Portland Public Library, ME, To Close Two Branches, Revamp Service Model
"Portable Library" will provide services at various community locations
Norman Oder -- Library Journal, 05/20/2010
- Six locations too many for 63,000 people compared to peer libraries
- Flat budget for three years
- Beyond the bookmobile to mobile services and new spaces
Faced with three years of flat funding and the closure of two of five branches, the Portland Public Library (PPL), ME, will shift its focus to provide more off-site “Portable Library” services in various locations, more service at the main library, and an increased digital presence.
“I think the ground is clearly shifting under us, in terms of [user] behaviors, needs,” Executive Director Steve Podgajny told LJ. “This is the moment where we either lose physical spaces and contract, or we lose physical spaces and expand.”
He noted that, with six locations (until July 1) in a city of 63,000, Portland is overbranched compared to every regional peer and will retain a high ratio of locations.
PPL also aims to use the renovated main library to play “a leadership role in Portland’s cultural community.” As for the outreach strategy, Podgajny said, “Portland’s the right scale. We’re central to the life of the city, and have a lot of good partners.”
In April, after the city announced that three branches would close, PPL proposed a fundamental change, “to create a comprehensive and flexible service that transcends the walls of a building.”
With $40,000 from the Davis Family Foundation, PPL said it will survey citizens, businesses, and others to help design the Portable Library, aimed at areas where branches close and beyond.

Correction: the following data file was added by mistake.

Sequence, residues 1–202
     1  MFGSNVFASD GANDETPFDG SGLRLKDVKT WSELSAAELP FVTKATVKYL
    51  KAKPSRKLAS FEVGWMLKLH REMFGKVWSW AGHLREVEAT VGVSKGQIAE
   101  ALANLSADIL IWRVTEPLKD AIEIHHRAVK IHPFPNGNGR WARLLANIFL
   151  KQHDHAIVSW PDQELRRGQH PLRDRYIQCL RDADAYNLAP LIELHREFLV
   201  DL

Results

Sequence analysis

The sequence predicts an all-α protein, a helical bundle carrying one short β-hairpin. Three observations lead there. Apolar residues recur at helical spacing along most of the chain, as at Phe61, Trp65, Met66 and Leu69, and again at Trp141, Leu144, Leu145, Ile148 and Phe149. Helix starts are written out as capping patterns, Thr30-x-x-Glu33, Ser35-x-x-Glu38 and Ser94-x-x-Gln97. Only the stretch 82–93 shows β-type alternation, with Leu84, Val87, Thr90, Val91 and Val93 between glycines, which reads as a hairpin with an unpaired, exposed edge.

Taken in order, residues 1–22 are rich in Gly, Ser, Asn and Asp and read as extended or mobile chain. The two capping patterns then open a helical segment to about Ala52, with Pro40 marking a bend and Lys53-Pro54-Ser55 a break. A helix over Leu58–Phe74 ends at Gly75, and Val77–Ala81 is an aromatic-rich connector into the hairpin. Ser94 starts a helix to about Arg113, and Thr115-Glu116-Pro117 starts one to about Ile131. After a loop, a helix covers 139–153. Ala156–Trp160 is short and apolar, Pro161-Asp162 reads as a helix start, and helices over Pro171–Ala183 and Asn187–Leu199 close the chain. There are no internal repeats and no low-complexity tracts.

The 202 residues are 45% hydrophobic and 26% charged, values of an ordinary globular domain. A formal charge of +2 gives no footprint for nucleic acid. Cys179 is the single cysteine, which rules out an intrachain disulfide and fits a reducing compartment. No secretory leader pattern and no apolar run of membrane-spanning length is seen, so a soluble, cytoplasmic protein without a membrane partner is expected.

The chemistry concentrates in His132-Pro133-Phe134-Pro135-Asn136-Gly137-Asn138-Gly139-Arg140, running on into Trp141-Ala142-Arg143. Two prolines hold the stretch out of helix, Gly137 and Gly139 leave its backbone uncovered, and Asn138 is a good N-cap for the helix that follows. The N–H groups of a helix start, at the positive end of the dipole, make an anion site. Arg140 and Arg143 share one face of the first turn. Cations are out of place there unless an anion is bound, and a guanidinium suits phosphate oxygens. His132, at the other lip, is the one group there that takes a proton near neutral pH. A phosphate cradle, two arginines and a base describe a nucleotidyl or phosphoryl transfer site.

Though the Portable Library will lend materials, the concept is not a bookmobile but an attempt to build “active relationships with partners who do some of your mission already,” Podgajny said. Examples include support of language literacy, career development, and homework help.
According to a library document, even a “branch-for-a-day” could be set up in places from donated commercial space to a portion of floor space in a store or public institution. The Portable Library would include rolling display carts and bookcases, with specific carts devoted to children’s picture books, YA, adult fiction, audio books, and more.
Branch saved for a year
The City Council this week restored $90,000 for one year to operate the Riverton branch, one of the three branches slated for closing. It is more distant from the main library than the other two and is the center of a Sudanese immigrant community.
The funding will allow PPL to transition the branch a year later to the Portable Library concept. “We expect to have a different service model in cooperation with the schools, not a shared space, more a community space,” Podgajny said.
It could involve self-service lending, with no library staff, as well as a focus on adult and career education.
Of the two branches closing, the Munjoy branch is shared with a school. PPL will leave some of the children’s collection in the school library.
PPL has more ambitious plans for the Reiche branch, which occupies space in a school complex. With community groups supplying volunteers, PPL will help create a reading room—with perhaps one-third of the current 13,000-item collection—in collaboration with the recreation department, neighborhood association, and community police office. PPL will supply technology and also some programming.
Books in the reading room will not be tracked in the library ILS but will be reviewed via a separate database that can point PPL to refreshing the collection.
“If we don’t find a different way forward, we’ll have no presence at all,” Podgajny said.
Cuts hit home
PPL’s city funding, 81.7 percent of the $3.8 million annual budget, has been flat for three years. (That works out to about $60 per capita, but PPL also serves the larger region.)
In FY 2009, the flat budget led to the reduction of ten percent of staff and 18 percent in hours at the main library. Flat funding in FY 2010 was offset in part by a union agreement to accept a wage freeze.
PPL has a professional staff of 45.5 FTE. The branch closings will mean the loss of 2.5 FTE positions—each site has two 20-hour a week employees, plus support staff—but those staffers may be moved to the main library, where positions were left open.
PPL will have lost 16 percent of its staff over three years.